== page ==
My grand-father’s magnifying glass in hand, I scoured the magazines, helpfully arranged by space mission throughout the 60s. I found pictures of the same regions as the anomalies shown in the book. In some cases, I was lucky to find the very same photographs reproduced. 

I won’t claim that I was happy, or even that I wasn’t bitterly disappointed when, seen in the higher quality reproductions in my father’s magazines, the blocky lunar architecture of the alien factories, their insect-like mining machinery, dissolved into no less amazing but more parsimonious and very natural assemblages of ridges, boulders, and assorted small craters. I was overwhelmed and underwhelmed at the same time.

While passionately pursuing it, I had unwittingly debunked my first pseudo-archaeology claim. Such was my outrage, that had any of my friends had any interest at all in any of this, I would have given several lengthy presentations of my findings to the assembled neighbourhood kids, with side by side comparisons of grainy black and white slides projected on our living room wall, no doubt. 

I wanted to communicate my findings so bad, it hurt. It still hurts. I hope for their sake that my parents have forgotten the undoubtedly impassioned and endless dinner time monologues to which they must have been subjected in the wake of my detailed investigation.

Leonard’s overall conclusions, which for me were the main attraction, that aliens had intervened in human evolution, that they had been visiting us for millions of years, supported by his photographic findings, were suddenly hobbled, their hard data foundation brutally knocked out from under them. Even back then, I remember thinking that this didn’t make his claims necessarily false, it just meant that they weren’t supported the way he said they were.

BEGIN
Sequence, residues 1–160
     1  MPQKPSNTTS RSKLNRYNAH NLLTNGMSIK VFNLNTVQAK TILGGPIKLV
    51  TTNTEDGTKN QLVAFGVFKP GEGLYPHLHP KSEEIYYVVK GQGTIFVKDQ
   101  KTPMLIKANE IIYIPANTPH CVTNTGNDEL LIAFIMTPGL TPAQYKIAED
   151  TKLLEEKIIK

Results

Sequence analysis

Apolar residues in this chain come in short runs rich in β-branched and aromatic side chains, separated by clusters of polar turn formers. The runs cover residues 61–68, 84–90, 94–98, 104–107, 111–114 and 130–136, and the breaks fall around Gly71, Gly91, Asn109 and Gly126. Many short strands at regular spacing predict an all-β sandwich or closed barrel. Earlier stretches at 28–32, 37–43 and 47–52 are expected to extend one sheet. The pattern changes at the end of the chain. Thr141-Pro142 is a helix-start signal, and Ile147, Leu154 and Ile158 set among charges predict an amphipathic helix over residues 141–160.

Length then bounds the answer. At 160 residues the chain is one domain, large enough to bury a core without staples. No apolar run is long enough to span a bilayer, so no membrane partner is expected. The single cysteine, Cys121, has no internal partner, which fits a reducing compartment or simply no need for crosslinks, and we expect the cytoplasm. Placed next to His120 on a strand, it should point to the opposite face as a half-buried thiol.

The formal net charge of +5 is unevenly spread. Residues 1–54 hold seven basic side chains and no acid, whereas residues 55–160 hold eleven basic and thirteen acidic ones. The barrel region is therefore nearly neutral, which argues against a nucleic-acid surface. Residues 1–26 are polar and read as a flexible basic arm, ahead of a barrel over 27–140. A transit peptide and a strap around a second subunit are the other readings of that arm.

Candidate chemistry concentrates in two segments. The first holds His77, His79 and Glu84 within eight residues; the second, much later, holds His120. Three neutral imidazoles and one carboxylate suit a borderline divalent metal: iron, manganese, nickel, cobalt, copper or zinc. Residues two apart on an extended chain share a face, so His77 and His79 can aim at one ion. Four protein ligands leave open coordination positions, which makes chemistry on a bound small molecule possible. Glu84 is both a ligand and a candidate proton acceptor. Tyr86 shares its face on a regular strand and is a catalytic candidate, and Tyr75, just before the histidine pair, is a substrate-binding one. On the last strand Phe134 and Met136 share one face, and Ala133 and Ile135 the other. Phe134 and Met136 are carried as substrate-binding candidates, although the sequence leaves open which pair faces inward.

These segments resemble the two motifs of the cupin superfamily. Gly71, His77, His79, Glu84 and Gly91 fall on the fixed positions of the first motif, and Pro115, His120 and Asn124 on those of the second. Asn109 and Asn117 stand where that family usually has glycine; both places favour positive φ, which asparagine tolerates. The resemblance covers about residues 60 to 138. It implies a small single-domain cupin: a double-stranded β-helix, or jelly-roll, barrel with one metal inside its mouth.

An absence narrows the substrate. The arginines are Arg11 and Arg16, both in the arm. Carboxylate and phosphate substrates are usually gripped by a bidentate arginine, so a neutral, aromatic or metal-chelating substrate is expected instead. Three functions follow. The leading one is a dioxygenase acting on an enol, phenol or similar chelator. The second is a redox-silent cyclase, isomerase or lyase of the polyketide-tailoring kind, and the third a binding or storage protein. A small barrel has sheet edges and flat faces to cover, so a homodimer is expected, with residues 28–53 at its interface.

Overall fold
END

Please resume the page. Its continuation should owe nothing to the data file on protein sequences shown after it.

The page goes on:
The next time I encountered lunar archaeology claims, in Don Wilson’s Our Mysterious Spaceship Moon, I knew how to approach them. I systematically checked every claim as it came up, which in pre-internet days wasn’t quite as trivial as it sounds now. This more proactive approach, that involved a lot of biking to the public library and a lot of digging through index card catalogues, I  retroactively applied to my other pseudo-archaoelogical readings and explorations, in Atlantis and Mu, at the Nazca Lines and at Stonehenge, which I began revisiting with new weapons at my disposal.

6 thoughts on “My encounter with pseudo-archaeology

  1. Tes parents n’ont jamais été ennuyés par tes ”conférences”. Pour ma part, j’adore lire tes textes, même si je ne les comprends pas toujours… L’évolution de ta pensée et ta recherche de la réalité m’ont toujours fascinée. J’aimerais tellement que tu nous en parle plus souvent. Au moins, tu écris.

    Liked by 1 person

  2. We had much fun on those road trips and day trips. You did comment a lot and I used to listen and return comments and, at times, correct some misinterpretations. Once I Said: André Costopoulos instant lectures; you shot back: Paul Costopoulos instant sarcasm…and we all laughed.

    Liked by 1 person

  3. Reminds me of when a flat earther was pointing at some artifacts in a photo of the earth from the moon. He didn’t realize that was from JPEG compression and the original didn’t have that. Always verify the source material.


  4. From these book shelves of esoterica, Hollywood came up with the Lovecraft series on TV. Twisted stuff and filled with satanic imagery and racism. Not very pseudo-scientific, more like political mind control writers.